Hat Types: The Stovepipe

Stovepipe | Royal Hats

History: During their peak of popularity in the 1849s and 1850s, Top Hats also grew in height. This new variation, with a straight-sided crown approximately eight inches in height, was named the Stovepipe. At the start of his second term as US president in 1864, Abraham Lincoln had adopted this style of hat and it remains synonymous with him even today. Like the closely-related Top Hat, Stovepipe Hats fell out of mainstream fashion during the World Wars.

During the late 1950s and 1960s, one of the hat shapes that became fashionable in women’s millinery was a hat with a tall, squared crown and short, downward facing brim. This silhouette, a cross between a stovepipe and a cloche hat, became what we now consider to be a Stovepipe hat. This hat underwent a slight surge of popularity just after the turn of the last century.

Characteristics: a tall hat with a small brim. The crown might be square, diagonal or rounded but is visibly tall. Most Stovepipe hats have a slightly downward facing brim but occasionally, the brim is flat.

Royals Associated with this Hat Style: We have seen a tall crowned hat on many younger royals, especially during the early 2000s. These days, however, this hat shape is a common one for Queen Elizabeth.

Queen Elizabeth, March 24, 2011 in Angela Kelly | Royal Hats Crown Princess Mary of Denmark, May 5, 2004 in Susanne Juul | Royal Hats Zara Phillips, April 15, 2001 | Royal Hats Queen Elizabeth, March 16, 2006 | Royal Hats

Queen Elizabeth, March 24, 2011; Mary Donaldson (a week before her wedding), May 5, 2004;
Zara Phillips, April 15, 2001; Queen Elizabeth, March 16, 2006

 2008-06-30  2006-04-23

Princess Marie of Denmark, June 30, 2008; Princess Anne at Ascot, June 19, 2014;
the Countess of Wessex, April 23, 2006

2011-07-20 2007-11-19 2008-10-07 2001-06-10 

Queen Elizabeth, July 20, 2011; Autumn Phillips, November 19, 2007;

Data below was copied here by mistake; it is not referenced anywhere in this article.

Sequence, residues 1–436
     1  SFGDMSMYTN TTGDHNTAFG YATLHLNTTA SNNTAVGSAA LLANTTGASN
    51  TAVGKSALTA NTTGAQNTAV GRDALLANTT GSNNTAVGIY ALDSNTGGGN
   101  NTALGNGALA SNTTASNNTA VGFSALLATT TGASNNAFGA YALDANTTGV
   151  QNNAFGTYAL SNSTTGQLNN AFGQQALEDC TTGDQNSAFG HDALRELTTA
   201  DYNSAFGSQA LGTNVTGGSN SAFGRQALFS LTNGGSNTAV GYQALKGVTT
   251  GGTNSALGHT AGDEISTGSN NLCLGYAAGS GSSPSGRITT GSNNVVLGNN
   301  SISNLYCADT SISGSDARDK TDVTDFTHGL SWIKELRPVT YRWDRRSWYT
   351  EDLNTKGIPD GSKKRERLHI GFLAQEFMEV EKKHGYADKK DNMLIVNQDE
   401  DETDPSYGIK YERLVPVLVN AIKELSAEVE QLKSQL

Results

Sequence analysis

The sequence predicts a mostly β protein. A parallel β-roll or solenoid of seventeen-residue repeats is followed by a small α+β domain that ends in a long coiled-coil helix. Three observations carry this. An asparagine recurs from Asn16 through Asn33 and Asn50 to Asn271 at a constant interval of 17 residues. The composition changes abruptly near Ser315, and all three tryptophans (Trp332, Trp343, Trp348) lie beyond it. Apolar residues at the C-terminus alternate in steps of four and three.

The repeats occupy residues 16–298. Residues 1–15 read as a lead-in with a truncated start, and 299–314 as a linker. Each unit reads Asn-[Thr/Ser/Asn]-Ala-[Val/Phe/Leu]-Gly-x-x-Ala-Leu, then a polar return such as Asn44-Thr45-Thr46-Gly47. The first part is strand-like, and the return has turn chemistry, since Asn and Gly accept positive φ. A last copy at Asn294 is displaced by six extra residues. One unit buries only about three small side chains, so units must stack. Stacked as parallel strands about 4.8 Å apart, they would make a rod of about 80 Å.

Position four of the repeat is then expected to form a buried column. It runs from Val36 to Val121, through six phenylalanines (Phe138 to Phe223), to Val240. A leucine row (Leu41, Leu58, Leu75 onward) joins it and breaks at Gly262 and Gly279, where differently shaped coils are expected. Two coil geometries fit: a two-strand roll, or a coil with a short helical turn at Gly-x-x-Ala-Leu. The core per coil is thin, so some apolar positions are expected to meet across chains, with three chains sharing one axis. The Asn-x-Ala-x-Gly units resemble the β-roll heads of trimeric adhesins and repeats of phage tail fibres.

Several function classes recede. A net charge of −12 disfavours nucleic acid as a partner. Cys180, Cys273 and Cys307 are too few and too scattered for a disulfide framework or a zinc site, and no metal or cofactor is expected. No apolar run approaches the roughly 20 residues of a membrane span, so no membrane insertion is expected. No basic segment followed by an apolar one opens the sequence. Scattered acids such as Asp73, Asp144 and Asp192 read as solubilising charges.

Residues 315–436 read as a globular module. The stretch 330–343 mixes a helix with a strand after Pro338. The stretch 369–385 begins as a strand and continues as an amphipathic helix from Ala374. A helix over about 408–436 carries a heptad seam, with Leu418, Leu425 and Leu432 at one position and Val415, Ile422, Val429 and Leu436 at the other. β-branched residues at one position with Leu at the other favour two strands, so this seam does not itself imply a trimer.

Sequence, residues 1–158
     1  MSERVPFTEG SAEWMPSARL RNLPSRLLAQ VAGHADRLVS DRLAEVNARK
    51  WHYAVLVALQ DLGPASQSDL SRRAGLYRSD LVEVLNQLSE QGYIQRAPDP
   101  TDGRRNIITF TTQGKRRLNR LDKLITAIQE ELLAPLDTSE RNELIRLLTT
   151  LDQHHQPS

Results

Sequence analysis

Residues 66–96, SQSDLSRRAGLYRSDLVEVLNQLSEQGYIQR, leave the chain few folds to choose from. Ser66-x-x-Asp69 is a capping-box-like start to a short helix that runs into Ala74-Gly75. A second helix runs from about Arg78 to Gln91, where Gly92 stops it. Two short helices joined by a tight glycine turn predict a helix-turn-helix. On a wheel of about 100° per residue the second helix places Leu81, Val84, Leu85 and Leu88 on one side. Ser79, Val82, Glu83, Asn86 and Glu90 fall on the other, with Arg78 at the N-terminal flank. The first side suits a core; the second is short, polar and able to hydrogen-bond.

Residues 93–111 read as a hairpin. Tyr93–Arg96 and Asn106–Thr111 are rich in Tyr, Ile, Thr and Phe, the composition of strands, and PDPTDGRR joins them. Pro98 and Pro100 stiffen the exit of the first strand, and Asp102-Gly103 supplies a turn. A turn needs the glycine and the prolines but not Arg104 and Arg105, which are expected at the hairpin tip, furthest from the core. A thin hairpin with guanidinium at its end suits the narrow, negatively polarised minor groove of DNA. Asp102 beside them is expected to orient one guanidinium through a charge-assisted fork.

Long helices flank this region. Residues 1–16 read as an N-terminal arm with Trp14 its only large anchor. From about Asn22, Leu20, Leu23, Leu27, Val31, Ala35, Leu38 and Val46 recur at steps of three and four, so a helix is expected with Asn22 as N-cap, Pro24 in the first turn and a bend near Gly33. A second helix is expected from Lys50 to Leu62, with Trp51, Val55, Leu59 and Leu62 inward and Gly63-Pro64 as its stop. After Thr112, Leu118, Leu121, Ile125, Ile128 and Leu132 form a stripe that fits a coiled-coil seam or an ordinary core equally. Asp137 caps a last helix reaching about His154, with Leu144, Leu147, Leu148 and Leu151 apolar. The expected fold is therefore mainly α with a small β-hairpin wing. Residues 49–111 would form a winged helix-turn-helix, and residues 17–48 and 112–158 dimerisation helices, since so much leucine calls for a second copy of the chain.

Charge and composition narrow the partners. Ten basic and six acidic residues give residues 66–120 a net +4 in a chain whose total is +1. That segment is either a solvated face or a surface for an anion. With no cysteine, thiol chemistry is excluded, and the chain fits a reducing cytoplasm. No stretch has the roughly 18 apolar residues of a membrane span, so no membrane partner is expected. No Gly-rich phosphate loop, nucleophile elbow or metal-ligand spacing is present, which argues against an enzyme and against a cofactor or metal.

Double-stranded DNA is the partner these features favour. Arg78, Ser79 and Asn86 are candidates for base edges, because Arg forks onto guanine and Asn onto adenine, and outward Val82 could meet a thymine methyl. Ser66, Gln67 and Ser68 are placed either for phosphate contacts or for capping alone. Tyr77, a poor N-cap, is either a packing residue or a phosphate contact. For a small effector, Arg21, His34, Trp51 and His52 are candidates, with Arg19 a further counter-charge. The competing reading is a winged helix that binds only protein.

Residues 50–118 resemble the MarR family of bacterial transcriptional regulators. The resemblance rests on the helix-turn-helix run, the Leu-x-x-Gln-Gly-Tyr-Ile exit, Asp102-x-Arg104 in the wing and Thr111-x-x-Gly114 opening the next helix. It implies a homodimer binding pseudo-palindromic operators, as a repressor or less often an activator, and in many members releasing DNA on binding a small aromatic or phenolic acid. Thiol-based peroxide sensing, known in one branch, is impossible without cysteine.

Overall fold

Princess Marie, October 7, 2008; Viscountess Linley, June 10, 2001

2014-06-24 Northern Ireland 4 2009-05-27 2011-04-21

Queen Elizabeth, June 24, 2014; Princess Máxima of the Netherlands, May 27, 2009;
Queen Elizabeth, April 20, 2011; Crown Princess Mary, January 10, 2012

I find it very interesting that this variation of the Top Hat has morphed into a relatively common silhouette for female millinery while the traditional Top Hat remains a men’s hat. The Stovepipe’s characteristic shape lends itself to a dramatic look that can easily stand out in a crowd (one of the purposes of a royal hat). Sometimes, however, the tall crown and narrow brim can look off balance and overpowering. Are you a fan of the royal Stovepipe?

Photos from Bauer Griffin via Zimbio; Scanpix via TV2; Tim GrahamSTR/StringerJulian Parker, Julian Parker, Julian Herbert and Tim Graham via Getty; Bauer Griffin via Zimbio; Tim Graham via Getty; Hanne Juul via Billed Bladet; UK Press and WPA Pool via Getty; Patrick van Katwijk via Monarchy Press; Chris Jackson/Getty via Zimbio and Julian Parker via Getty

10 thoughts on “Hat Types: The Stovepipe

  1. I think the secret to this hat shape, and the top hat for women as well, is to avoid the crown being too tall, ensure most of the face can still be seen, and ensure the hat is not over-trimmed. That is why I think it works best in the last photo of CP Mary, as other commenters have also mnetioned, as the color is good and solid, the trim is simple, the crown is not too tall, the brim is in proportion, and the asymmetry adds interest and enables her face to be seen.

    I can’t say I like it much on the Queen, though she looks good in the last photo of her in the bright blue hat, though I still would have preferred the crown was not quite so tall.

    Overall, it isn’t one of my favorite hat shapes, and I think designers need to put a lot of thought into the hat, and what the royal will wear with it, so everything stays relatively simple and in proportion, otherwise it can look like a costume party hat, as it does here on Princess Anne.

  2. My favorite hat shapes include a large brim, but this shape pleases my eye. I especially loved that soft, gray hat that Princess Mary is wearing and the cream color hat with the gorgeous “bow” worn by Viscountess Linley. I’m glad you highlighted this hat shape!!

  3. Not my favorite style, by far. Although, I think it looks the best on Princess Marie due to the shape of her face.

  4. I don’t think everyone can wear it, but, for those who can, this style can work… Princess Marie wears it well, as do Princess Mary and (to a lesser extent) Princess Anne and Zara Philips. Scale is definitely key to making this look work!

  5. dear me , no! The only one that looks good in that is Princess Mary in the last picture And it is still a little on the comical side. Sophie, last one, second row, looks like she just stepped out of Downton Abby. Princess Marie, third, row, third picture, looks good in that one. But the rest would be best left in an attic.

    • I agree, it’s not my favorite shape. I’m surprised how many different royals have worn it! It seems very dated to the 1990s.

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